Massachusetts’ right-to-repair law can now be applied, the National Highway Safety Administration decided after expressing concern it could make vehicles susceptible to hacking crimes.
The law, which an auto industry advocate tried to stop, will let owners of newer models take them to independent repair shops rather than only auto dealers because it requires automakers to also share the vehicles’ repair data with the former.
The NHTSA said automakers can share the data using short-range wireless technology but not the long-range version due to security concerns over data theft or criminals’ remote control of vehicles, according to news reports.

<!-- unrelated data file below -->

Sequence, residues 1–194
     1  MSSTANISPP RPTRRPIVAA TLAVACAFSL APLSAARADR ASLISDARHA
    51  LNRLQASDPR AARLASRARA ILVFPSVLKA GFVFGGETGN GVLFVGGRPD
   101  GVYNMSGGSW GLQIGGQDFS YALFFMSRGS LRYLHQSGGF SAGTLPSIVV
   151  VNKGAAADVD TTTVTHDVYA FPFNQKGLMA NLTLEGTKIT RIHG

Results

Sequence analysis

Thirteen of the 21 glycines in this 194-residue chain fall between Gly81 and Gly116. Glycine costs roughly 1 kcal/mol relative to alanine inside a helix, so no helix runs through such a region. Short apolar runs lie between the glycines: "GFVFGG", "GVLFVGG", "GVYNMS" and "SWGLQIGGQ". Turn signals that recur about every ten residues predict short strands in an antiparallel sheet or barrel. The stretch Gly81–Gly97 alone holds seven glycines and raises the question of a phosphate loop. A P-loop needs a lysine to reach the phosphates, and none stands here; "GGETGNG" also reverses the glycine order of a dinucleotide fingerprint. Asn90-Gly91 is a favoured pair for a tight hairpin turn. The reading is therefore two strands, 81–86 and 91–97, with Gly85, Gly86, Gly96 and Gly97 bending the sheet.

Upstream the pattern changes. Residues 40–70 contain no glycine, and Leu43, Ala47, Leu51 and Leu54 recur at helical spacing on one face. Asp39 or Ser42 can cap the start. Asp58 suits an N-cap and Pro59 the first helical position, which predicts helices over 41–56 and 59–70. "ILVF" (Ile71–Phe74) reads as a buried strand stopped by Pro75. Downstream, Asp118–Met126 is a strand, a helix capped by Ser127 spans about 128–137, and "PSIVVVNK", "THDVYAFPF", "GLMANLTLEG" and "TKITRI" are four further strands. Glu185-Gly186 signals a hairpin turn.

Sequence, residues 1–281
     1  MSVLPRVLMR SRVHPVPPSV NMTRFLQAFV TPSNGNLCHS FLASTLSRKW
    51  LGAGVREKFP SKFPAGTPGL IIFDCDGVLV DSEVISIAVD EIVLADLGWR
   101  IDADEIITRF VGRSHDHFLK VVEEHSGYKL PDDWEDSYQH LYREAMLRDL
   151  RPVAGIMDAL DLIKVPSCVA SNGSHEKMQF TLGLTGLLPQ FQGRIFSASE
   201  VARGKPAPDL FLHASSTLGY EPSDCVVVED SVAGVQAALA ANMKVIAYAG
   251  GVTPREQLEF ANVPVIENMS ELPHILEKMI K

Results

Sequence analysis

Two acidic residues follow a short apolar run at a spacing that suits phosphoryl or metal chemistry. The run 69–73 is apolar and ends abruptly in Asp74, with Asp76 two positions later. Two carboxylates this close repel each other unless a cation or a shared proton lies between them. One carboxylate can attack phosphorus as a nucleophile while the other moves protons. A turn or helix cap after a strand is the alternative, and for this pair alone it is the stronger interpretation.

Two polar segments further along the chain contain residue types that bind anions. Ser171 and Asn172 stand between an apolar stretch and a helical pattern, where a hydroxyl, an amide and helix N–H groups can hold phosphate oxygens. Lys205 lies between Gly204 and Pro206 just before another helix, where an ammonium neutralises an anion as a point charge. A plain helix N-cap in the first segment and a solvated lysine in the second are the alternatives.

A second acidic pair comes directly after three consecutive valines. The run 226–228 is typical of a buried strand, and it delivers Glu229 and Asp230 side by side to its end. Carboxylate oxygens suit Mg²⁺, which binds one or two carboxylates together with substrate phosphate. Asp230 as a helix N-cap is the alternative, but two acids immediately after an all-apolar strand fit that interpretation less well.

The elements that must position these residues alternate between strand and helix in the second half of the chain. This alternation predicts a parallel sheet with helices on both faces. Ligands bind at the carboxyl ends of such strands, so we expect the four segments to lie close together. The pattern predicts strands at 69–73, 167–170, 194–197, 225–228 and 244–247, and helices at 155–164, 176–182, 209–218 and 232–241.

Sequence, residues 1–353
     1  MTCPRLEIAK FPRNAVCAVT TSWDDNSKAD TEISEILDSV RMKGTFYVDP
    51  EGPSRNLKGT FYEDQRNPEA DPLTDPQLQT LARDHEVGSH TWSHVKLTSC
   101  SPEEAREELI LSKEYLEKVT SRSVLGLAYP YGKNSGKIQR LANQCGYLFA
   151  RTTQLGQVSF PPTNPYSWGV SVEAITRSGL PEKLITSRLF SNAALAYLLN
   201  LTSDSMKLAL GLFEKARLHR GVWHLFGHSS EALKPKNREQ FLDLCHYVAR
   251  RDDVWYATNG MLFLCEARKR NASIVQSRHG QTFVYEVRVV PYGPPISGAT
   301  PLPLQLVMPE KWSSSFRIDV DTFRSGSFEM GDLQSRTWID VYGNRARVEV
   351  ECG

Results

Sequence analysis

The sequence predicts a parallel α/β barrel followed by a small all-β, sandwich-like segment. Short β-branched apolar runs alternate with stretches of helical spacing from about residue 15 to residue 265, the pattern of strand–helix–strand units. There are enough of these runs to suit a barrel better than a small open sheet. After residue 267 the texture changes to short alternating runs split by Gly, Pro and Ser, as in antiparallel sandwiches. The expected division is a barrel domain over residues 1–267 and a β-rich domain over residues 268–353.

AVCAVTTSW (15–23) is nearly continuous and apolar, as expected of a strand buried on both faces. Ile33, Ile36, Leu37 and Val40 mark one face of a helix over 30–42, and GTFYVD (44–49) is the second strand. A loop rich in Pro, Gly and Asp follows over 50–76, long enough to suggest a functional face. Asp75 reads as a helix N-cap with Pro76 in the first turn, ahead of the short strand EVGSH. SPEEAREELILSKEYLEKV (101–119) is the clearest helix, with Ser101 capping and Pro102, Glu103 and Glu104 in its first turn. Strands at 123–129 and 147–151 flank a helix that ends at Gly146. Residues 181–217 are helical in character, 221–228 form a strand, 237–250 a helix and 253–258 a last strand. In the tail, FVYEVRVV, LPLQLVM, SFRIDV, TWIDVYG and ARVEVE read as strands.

Advocates of the law say it will lower repair costs by opening up more competition.
The Alliance for Automotive Innovation sued to stop the law shortly after state voters approved it in 2020. It then requested a temporary restraining order this past June in an attempt to prevent enforcement of the measure, saying it would compromise vehicle data security and damage brands.
Originally posted on Auto Dealer Today